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Summary: Numerical Measures of a Distribution ’ s SpreadPowerPoint Presentation

Summary: Numerical Measures of a Distribution ’ s Spread

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Given a data set = {x1, x2, . . . , xn}, we discussed three common numerical measures of spread for its frequency distribution:

Range = xmax-xmin:

Measures the length of the interval over which the entire set of data values is spread

- Summary: Numerical Measures of a Distribution’s Spread

Interquartile Range (IQR) = Q3 - Q1:

Measures the length of the interval over which the middle 50% of the data values is spread

Q3 denotes third quartile (aka 75th percentile) and Q1 denotes the first quartile (aka 25th percentile)

3. Standard deviation

Gives an average of the squared deviations from the mean in the same units of measure as the data (thus the square root).

Properties of S:

- S measures the spread of the data about the mean—it should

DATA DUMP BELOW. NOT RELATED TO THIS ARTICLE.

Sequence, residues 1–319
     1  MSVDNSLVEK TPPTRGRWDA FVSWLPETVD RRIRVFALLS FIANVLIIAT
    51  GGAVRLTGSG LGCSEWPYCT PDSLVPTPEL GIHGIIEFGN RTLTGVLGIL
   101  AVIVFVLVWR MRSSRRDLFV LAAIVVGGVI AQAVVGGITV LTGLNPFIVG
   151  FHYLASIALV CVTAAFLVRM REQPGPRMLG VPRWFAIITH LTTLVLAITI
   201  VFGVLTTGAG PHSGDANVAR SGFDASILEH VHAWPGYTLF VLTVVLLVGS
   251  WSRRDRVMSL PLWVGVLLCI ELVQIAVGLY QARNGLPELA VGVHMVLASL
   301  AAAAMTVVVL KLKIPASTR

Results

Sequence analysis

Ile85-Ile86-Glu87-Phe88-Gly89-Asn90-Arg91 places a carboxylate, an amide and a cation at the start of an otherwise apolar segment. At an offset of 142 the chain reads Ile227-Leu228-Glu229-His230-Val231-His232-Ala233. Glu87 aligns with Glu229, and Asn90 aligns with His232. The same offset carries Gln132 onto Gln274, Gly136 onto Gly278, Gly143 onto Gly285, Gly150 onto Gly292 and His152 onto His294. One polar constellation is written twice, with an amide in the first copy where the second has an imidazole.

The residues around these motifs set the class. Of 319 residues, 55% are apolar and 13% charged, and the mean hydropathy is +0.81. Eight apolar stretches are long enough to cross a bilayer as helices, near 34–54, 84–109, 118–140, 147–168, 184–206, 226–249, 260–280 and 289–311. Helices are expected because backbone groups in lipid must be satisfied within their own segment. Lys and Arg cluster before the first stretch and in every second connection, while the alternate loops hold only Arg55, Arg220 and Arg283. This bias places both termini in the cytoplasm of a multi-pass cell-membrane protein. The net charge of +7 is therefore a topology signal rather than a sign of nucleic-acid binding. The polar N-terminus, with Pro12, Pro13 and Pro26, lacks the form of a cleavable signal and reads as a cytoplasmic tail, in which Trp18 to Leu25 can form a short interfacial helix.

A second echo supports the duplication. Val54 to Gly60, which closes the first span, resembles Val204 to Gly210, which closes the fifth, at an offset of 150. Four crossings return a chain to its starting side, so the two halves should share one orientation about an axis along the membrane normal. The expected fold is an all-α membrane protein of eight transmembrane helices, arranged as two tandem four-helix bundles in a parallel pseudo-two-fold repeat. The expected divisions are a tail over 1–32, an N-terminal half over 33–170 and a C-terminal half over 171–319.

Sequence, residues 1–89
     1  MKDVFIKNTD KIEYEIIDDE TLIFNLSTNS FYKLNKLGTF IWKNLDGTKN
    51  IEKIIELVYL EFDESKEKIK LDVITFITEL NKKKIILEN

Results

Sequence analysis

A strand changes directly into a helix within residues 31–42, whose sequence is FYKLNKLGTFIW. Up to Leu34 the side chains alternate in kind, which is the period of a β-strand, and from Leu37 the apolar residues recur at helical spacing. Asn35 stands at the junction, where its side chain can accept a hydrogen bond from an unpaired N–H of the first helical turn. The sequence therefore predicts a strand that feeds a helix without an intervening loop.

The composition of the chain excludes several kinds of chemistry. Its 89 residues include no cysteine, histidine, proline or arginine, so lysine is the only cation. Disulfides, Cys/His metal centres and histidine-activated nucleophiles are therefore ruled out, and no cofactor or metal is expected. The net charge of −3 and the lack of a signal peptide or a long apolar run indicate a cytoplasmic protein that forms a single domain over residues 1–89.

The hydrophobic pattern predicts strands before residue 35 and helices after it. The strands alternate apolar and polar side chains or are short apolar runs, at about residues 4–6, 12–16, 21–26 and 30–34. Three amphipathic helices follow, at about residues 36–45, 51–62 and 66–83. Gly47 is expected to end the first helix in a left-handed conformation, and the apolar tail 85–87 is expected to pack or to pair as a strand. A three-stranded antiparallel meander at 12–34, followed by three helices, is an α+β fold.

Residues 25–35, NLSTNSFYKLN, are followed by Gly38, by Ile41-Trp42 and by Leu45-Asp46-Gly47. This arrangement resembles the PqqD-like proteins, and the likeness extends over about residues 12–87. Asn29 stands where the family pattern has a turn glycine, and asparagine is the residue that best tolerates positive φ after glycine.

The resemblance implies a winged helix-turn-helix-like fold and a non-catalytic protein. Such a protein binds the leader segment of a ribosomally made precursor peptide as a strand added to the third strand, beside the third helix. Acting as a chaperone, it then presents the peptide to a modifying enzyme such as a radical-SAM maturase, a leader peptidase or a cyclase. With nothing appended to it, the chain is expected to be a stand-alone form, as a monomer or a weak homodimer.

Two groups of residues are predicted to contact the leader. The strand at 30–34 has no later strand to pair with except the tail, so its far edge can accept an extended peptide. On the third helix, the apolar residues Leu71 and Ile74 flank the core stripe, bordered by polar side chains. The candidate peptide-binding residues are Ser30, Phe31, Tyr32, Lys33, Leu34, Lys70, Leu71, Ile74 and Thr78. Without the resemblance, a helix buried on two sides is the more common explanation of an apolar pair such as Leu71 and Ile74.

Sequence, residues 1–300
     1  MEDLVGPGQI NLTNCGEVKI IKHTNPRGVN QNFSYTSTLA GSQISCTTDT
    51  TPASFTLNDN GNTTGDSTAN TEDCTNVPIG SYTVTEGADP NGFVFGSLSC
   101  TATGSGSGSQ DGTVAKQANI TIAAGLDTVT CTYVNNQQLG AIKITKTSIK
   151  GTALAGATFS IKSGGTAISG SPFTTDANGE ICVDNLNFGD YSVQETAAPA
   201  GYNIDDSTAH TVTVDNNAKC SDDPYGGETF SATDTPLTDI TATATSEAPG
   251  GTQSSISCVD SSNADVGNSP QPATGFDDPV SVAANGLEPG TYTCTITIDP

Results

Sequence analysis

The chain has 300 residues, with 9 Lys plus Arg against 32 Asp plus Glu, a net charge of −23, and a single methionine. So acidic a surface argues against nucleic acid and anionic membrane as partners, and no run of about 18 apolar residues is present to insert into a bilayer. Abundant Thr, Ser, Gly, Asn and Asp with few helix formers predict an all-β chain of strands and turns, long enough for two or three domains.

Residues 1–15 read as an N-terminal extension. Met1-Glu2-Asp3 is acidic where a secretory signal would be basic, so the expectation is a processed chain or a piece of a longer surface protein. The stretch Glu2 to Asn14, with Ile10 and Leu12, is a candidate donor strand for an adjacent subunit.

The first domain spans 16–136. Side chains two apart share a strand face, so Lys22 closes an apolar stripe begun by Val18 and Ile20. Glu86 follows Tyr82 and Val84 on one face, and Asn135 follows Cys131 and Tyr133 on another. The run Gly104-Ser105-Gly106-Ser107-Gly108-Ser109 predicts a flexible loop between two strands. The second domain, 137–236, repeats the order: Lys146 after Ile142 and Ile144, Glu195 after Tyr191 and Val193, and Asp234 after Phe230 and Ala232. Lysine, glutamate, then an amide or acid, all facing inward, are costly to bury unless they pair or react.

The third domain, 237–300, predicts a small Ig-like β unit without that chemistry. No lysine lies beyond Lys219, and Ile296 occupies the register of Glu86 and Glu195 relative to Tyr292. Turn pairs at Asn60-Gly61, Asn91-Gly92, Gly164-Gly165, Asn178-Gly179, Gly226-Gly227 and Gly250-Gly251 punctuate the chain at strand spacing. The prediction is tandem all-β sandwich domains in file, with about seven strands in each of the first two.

- only be used when the mean is chosen as a measure of center

- S > 0 for any data set:
- S = 0 if and only if ___?______. Otherwise, S > 0.

- The farther the data is spread from the mean, the greater S gets.
- S is thus very sensitive to extreme differences from the mean.

- Why?
- Because in addition to specifying a center, it can be used to also measure the length of intervals within which the four ordered quarters of the data are contained, and thus measures the variability/spread of those portions: Q1-xmin, M-Q1, Q3-M, xmax -Q3

- The Five-Number Summary provides a fairly complete summary of a distribution’s center and spread
- xminQ1 M Q3 xmax

The Five-Number summary forms the skeleton for the boxplot

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